The question of why this strange-looking Aussie bloke has a lawnmower sticking out of his head is an interesting one.
It definitely captured our attention.
“I started doing a series of people with things on their heads – planes or houses or cars [or lawnmowers],” Peter said.
Peter told Topics that the man in the painting intentionally has a slight foreign look.
“I’m from the Czech Republic, so I was called a wog through my early years,” he said.
“I started seeing that there’s a wog in all of us. Most of us have a history that’s from the outside.”
This is why Peter finds fear about immigrants to be ridiculous.
“We’re not all Anglo-Saxon, blond and blue-eyed,” he said.
And what about the lawnmower?
“Usually on the weekend in the ‘burbs, suddenly the lawnmowers go off and everyone’s mowing their lawn,” he said.
“It’s this love and hate thing. You don’t want to do it, but it feels really good when you’ve done it.”
Off Your Trolley
Another Lankas painting that captured the wry eye of Topics was a couple skylarking in a shopping trolley at the Caltex on the highway at Charlestown.
“You know how teenagers muck around – they’re out late at night at two in the morning, running through the streets with a shopping trolley.
“It’s about your first love and she’s in the trolley and having fun.”
Peter has a penchant for painting service stations.
“Service stations are like lit-up beacons in the night, saying ‘come in, come in’. You drive past and there’s a beauty in the lighting and brightness.
“The irony is that you walk in there and it’s full of junk food, coke and petrol. It looks so good, but there’s nothing good there.”
Another Lankas painting we thought we’d share features a bloke dressed in a black shirt and jeans, crossing Glebe Road at Adamstown.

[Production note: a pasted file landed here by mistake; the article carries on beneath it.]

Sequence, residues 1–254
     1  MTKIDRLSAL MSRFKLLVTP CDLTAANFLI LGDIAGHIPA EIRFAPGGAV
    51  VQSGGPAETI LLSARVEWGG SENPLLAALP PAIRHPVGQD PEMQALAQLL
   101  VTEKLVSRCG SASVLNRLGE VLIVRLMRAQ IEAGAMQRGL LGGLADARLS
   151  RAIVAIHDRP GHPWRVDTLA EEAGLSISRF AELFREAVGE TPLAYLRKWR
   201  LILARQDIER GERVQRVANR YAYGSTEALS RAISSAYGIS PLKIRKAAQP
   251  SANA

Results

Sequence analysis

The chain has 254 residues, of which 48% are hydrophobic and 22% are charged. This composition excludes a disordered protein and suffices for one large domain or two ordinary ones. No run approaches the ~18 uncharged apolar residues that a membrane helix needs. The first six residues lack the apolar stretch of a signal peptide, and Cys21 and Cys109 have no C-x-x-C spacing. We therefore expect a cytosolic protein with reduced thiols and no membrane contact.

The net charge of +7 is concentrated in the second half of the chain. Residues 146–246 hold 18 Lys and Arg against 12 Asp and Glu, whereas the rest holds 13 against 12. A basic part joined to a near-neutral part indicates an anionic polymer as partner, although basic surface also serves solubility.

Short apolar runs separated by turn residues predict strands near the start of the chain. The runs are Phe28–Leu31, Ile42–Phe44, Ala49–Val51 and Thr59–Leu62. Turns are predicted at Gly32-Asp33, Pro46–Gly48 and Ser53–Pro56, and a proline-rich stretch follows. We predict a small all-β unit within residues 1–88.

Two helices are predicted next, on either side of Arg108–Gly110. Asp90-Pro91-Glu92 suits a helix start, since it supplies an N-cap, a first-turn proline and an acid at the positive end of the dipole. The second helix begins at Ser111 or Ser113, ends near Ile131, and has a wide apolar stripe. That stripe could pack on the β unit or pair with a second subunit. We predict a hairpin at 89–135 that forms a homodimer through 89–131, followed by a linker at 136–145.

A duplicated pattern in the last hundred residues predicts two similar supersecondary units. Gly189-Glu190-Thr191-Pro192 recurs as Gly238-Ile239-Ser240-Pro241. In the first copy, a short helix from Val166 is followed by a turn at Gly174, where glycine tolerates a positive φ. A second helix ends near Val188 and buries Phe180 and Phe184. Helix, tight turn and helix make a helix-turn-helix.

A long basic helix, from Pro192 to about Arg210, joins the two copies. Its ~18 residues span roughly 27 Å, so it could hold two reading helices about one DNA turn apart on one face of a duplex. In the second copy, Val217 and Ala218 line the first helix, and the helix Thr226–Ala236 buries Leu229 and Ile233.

Peter said he has a bag filled with “two-minute noodles, ciggies or a drink – whatever he’s into”.
Peter is interested in capturing “ordinary things that we see and do everyday and people take for granted or miss”.
“I try and document that there’s beauty everywhere in the most mundane, ordinary elements that happen in everyday life.”
Newcastle, he says, has “a lovely, slow beauty to it”.
“There’s a lot of colour in some of the houses that were painted by the guys working in the steelworks. They used to take home leftover paint, which had bright colours. They used to paint their houses with it,” he said.
Turn it On and Off
Topics has often heard the advice from IT experts to “turn it off and on again” when there’s a problem with our computer.
But we’d never heard this one before.
Our Foxtel box was on the blink. We rang Foxtel and spoke to someone overseas, who advised us to “turn the HDMI cable around”.
That is, unplug the cable from the TV and Foxtel box, turn the cable around and plug each end into the opposing slot from which it came.
“That doesn’t make sense. It’s not logical,” we said, all conceited, to our foreign friend.
Lo and behold, it worked.